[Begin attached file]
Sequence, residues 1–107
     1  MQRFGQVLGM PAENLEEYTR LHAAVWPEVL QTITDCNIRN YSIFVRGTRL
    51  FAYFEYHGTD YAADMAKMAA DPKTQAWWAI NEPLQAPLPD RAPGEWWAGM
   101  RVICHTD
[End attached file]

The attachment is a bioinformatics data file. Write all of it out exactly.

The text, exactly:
Sequence, residues 1–107
     1  MQRFGQVLGM PAENLEEYTR LHAAVWPEVL QTITDCNIRN YSIFVRGTRL
    51  FAYFEYHGTD YAADMAKMAA DPKTQAWWAI NEPLQAPLPD RAPGEWWAGM
   101  RVICHTD